Year after year, many schools struggle to teach kids basic math and reading skills. Portal, on the other hand, taught my childlike, directionally-crippled brain a slew of hyper-complex spatial reasoning abilities. In about 30 minutes. So I guess maybe it could be a good fit for the classroom. And hey, what do you know (aside from a Portal-imbued slew of hyper-complex spatial reasoning abilities)? Valve seems to think so too. The resulting program's been dubbed Teach With Portals, and it's just the beginning of Valve's new Steam For Schools initiative.
Teach With Portals' official website outlines the form its proposed amendment to the laws of education (and physics) will take:
"Valve recently began collaborating with educators to develop game-related teaching tools that revolve around STEM (science, technology, engineering and math) education. We’ve created Teach With Portals as a destination for this partnership, providing free content and game design tools, as well as an interactive community for exchanging lessons and experiences."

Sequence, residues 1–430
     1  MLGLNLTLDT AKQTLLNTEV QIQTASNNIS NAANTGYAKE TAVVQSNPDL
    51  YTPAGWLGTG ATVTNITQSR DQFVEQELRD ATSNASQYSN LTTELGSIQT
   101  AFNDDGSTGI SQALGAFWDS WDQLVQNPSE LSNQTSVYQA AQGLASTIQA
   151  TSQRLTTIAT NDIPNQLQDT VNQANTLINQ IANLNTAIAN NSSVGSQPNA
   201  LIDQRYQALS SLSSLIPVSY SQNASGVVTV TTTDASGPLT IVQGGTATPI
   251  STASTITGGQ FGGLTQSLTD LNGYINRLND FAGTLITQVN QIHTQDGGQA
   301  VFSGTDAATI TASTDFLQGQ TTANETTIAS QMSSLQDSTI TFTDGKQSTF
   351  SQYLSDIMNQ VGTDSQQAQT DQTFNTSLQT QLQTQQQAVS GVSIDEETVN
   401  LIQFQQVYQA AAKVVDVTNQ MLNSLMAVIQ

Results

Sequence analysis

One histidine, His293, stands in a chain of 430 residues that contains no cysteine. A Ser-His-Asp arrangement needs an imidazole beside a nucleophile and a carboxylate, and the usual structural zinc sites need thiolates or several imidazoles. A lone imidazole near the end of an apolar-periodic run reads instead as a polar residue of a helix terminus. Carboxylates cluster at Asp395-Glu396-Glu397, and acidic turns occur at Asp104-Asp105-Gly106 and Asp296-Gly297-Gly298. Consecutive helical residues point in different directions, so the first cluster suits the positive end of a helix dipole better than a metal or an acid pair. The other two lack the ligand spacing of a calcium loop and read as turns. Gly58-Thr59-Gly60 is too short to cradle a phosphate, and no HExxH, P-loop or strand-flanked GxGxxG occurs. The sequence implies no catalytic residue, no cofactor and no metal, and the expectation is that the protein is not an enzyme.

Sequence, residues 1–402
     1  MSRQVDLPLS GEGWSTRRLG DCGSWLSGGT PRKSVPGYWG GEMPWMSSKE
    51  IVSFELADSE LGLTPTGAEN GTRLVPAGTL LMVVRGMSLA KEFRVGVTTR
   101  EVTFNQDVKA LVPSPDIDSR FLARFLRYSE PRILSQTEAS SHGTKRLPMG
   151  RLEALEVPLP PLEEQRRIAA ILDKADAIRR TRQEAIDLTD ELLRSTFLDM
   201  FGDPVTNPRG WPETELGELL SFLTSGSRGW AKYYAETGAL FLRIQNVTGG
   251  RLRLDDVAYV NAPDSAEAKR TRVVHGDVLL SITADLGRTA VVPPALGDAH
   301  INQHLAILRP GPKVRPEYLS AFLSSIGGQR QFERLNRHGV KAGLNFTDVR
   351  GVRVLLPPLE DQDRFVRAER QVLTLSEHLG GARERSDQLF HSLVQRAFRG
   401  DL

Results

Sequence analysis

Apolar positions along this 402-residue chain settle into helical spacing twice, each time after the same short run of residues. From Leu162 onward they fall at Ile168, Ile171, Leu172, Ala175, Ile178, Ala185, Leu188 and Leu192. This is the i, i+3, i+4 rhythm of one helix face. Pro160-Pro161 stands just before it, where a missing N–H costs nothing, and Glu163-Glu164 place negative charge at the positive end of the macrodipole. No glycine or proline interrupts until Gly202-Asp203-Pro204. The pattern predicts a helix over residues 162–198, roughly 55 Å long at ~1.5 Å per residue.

"We understand that learning is not fulfilled by a one-size-fits-all approach, so we’re engaging with a community of educators, parents and students to create infinite possibilities for learning. The educational version of our Puzzle Maker empowers students and educators to craft unique puzzles, explore worlds, and share custom lesson plans. Teachers can also simply leverage other contributor’s shared lessons, selecting among the best of them to suit their learners’ needs."
Steam For Schools, meanwhile, currently takes the form of a stripped down version of Steam that prioritizes educational functionality above all else. The hope, however, is that it can expand into something broader with time.
You can already scroll through a list of lesson plans, though, and at the moment, they range from simple physics and math ("getting faster as you fall," "conservation of momentum") to really cool ("man on the moon") to ensuring that I can never win Are You Smarter Than A Fifth Grader ("building a harmonic oscillator").
Normally, this is the part where I'd speculate where all of this is headed, but I just got off the phone with Valve, so we'll have a larger piece up very soon about the Steam-powered giant's plan to reinvent the positively ancient "modern" education system. It's incredibly fascinating stuff. Here's the short version, though: if you're now finished with school, you were born at the wrong time.